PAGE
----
1834: The Dispensatory of the United States . George B. Wood, Md. Franklin Bache, Md. Published by Grigg and Elliot, Philadelphia . P.500

Same as 1833.

1836: The Dispensatory of the United States . George B. Wood, Md. Franklin Bache, Md. Published by Grigg and Elliot, Philadelphia . P.488-489
Ointment

Dram of powdered leaves or root with an ounce of lard. For “psora, tinea capitis, and some other forms of cutaneous disease. It occasions at first a sense of heat and smarting in the part to which it is applied. An extract made by evaporating the expressed juice of the recent leaves has been used for the same purpose and acquired at the same time considerable repute in cancer.”

1840: Pharmacopia of the United States .

Phytolacca americana root and berries listed as official remedies.

1848: W. Beach. Medical and Botanical Dictionary giving a definition of the terms used in the various branches of Medical Science. Baker and Scribner. New York . P.178

“Phytolacca decandra. Poke. Pokan of the Virginia tribes, coakum of northern tribes, garget or piregon berries in New England, Chougras in Louisiana , Jucato in Jamaica , cuechiliz in Mexico . Valuable active active plant; root emetic and cathartic without spasms, dose ten to thirty grains of dry powder, safe and powerful. Young shoots and leaves eaten like asparagus and spinach, also in calalous, merely laxative. Old leaves acrid purgative. Stems and leaves contain more potash than any plant, 67 per cent by burning, and 42% percent of pure caustic potash by lixiviation. Has a peculiar acid phytolacic, near malic. Fresh roots and leaves escharotic, discutient, specific in poultice for cancerous or malignant ulcers, psora, tinea capitis, & C. or extract as a plaster, a wash or rumex at the same time. Berries juice alterative, specific for chronic and syphilitic rheumatism, fresh or kept by adding one-third alcohol, a tablespoonful each four hours. The extract less certain, one pound is made by four pounds: doses five grains. Berries sweetish, nauseous, sub-acrid, eaten by birds and fowl, give bad taste to their flesh; furnish a purple evanescent stain and ink, and a fixed blue dye with urine for mordant. Leaves used by farriers for ulcers of horses &C.”

Pharmacy Notes

Cathartic/emetic: 650 mg-1950 mg dry powdered root

Cancer, psora, tinea capitis: fresh roots and leaves applied

Rheumatism: 2/3 berry juice 1/3 alcohol mixture: 1 tablespoon every four hours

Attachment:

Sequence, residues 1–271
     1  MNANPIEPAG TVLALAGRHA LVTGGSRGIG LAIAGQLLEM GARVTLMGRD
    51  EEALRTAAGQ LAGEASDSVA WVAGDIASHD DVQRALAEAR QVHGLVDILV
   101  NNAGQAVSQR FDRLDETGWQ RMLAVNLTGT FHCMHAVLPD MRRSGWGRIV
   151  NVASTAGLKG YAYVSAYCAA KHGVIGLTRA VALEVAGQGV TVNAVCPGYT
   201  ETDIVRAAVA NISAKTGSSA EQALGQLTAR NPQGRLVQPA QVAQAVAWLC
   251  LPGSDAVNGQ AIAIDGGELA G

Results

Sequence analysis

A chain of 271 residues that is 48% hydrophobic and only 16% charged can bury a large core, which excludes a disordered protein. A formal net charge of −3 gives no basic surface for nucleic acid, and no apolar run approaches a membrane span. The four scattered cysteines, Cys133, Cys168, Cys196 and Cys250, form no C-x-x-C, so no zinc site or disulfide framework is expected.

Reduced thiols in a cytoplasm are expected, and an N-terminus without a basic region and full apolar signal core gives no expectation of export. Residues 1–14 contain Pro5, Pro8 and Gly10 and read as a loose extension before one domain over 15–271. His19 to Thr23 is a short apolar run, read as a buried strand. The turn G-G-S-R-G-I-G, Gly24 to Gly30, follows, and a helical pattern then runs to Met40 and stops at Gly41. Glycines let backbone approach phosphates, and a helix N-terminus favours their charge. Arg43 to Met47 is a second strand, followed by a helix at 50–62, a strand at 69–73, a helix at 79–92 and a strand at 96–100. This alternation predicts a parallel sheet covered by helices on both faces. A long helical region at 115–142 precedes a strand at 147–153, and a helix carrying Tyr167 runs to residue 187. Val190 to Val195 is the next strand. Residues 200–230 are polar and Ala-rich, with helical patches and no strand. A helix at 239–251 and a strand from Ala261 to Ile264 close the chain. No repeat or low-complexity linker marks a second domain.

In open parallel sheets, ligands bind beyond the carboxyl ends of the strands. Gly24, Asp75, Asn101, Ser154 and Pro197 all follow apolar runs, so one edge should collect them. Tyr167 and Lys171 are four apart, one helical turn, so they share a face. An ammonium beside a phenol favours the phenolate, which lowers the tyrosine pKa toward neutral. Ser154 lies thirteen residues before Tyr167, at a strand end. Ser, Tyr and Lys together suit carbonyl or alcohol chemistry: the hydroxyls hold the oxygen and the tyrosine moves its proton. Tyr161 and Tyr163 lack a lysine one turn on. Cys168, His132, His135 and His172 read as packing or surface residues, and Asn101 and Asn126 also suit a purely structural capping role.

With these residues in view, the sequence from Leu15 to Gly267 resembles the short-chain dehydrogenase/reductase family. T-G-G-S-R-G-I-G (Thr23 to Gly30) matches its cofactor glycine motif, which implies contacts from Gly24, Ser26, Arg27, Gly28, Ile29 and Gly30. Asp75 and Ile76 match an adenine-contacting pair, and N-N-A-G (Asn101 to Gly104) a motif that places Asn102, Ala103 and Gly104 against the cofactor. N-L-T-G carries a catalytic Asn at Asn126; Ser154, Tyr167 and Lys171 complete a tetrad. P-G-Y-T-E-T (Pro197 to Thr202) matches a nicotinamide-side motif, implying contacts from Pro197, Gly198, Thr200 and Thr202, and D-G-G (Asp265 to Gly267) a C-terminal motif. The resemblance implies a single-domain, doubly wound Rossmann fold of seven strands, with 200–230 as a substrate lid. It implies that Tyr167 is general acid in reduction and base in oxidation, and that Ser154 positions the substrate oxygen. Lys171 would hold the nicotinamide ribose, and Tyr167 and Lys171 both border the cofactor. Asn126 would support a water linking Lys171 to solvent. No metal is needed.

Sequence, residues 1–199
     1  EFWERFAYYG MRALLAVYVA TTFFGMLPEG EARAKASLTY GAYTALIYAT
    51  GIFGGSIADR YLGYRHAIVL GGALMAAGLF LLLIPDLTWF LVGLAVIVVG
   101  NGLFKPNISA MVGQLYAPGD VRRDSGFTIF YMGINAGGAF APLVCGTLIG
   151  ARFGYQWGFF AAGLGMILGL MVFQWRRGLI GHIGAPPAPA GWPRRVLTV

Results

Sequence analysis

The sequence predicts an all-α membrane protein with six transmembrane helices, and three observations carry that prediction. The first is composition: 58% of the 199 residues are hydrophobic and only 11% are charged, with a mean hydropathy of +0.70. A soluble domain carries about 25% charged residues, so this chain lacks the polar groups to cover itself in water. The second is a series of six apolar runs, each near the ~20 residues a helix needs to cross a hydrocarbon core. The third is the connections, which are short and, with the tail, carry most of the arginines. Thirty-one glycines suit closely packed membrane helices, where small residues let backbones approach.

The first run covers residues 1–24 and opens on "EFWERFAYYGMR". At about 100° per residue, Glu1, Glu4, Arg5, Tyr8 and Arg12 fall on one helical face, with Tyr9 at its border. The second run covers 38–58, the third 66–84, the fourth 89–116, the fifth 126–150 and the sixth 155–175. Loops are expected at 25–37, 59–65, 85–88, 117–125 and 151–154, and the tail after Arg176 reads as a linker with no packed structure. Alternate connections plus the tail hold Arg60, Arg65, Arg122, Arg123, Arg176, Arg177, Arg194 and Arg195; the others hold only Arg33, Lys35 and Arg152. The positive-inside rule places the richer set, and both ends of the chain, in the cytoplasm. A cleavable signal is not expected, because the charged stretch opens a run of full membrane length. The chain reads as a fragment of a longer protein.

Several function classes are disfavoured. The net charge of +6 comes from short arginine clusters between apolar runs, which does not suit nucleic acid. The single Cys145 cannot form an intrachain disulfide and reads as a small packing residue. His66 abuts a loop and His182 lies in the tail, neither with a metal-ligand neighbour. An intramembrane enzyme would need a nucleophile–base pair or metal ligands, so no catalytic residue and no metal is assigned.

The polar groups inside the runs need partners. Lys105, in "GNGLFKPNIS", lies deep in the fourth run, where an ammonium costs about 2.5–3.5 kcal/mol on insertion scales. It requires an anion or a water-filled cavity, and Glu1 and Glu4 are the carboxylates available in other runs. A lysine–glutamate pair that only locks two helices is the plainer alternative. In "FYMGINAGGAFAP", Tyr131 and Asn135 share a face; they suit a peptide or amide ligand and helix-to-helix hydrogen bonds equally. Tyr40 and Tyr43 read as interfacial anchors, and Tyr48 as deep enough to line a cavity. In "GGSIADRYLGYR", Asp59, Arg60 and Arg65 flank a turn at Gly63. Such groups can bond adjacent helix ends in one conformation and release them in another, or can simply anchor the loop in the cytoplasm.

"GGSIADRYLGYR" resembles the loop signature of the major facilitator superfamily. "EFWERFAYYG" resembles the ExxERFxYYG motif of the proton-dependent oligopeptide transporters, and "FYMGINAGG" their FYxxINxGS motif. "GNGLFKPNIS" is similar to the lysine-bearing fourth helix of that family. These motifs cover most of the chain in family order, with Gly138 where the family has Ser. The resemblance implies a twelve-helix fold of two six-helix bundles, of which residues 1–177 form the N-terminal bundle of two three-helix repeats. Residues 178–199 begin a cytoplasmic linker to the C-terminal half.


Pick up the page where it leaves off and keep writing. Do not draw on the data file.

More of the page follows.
1850: Pharmacopia of the United States . P.53

Phytolacca americana root and berry listed as official remedies.

1854. John King MD. The American Eclectic Dispensatory. Moore , Wilstach, and Keys. Cincinnati . P.725

“Properties and Uses . – Poke is emetic, cathartic, alterative, antiherpetic, and somewhat narcotic. In doses of from ten to thirty grains it acts both as an emetic and cathartic, but is seldom used for these purposes on account of the slowness of its action, which, when established, continues for a long time. Narcotic effects as drowsiness, dimness of vision, vertigo, etc,. frequently attend its action, but very rarely any pain or spasm. Overdoses cause excessive vomiting or purging, great nervous prostration, occasionally convulsions, and sometimes a tingling or prickling sensation over the whole surface. In doses of from one to five grains it acts as an alterative. The root excites the whole glandular system, and has been highly extolled in syphilitic, scrofulous, rheumatic, and cutaneous diseases. The extract of the root is an excellent remedy for the removal of these severe pains attending mercurio-syphilitic affections (osteocopus), in which it is more beneficial than opium. The root roasted in hot ashes until soft, and then mashed and applied as a poultice, is unrivalled in felons and tumors of various kinds. It discusses them rapidly, or it too far advance, hastens their suppuration. Care must be had in powdering the root, as it sometimes occasions headache, purging, prostration of strength, and all the symptoms of severe coryza. A drachm of the pulverized root or leaves, mixed with one ounce of lard has proved beneficial in psora, tinea-capitis, and some other forms of cutaneous disease; when first applied it occasions a sense of heat and smarting.

The leaves are somewhat purgative, and are used, in some parts of the country, as a dressing to ulcers. A strong decoction of the leaves is of much benefit to haemorrhoids; injected into the rectum two or three times a day, and a fomentation of the leaves applied to the part, will almost always give relief, and eventually effect a cure. A fluid drachm or two may be taken internally at the same time, and repeated two or three times a day; should any narcotic effects be produced, its use may be omitted for a day or two, and then commenced in smaller doses. The inspissated juice of the leaves has been recommended in indolent ulcers, and as a remedy in cancer; in this last disease, Dr. Bone combined it with gun powder.

A saturated tincture of the berries has been successfully employed in chronic rheumatism. It is also recommended in the same diseases as the root. Dose of the powdered root, as an alterative, from one to five grains; of the tincture, one fluid drachm, three or four times a day; as an emetic, twenty to thirty grains of the powder.

The Franklin Institute of the city of New York advertise the active principle of poke root under the name of Phytolaccin; said to be a light-brown powder, with a pleasant, mucilaginous taste, soluble in water, and insoluble in alcohol or ether. I am not advised of its mode of preparation. Said likewise to be a most powerful alterative, aperient, and slightly narcotic. Dose from one-fourth of a grain to a grain, three times a day.”
Pharmacy Notes

Root:

Emetic/cathartic: 650-1950 mg root

Alterative: 65mg-325mg root

Skin ointment : 4gm pulverized root in 30 gm lard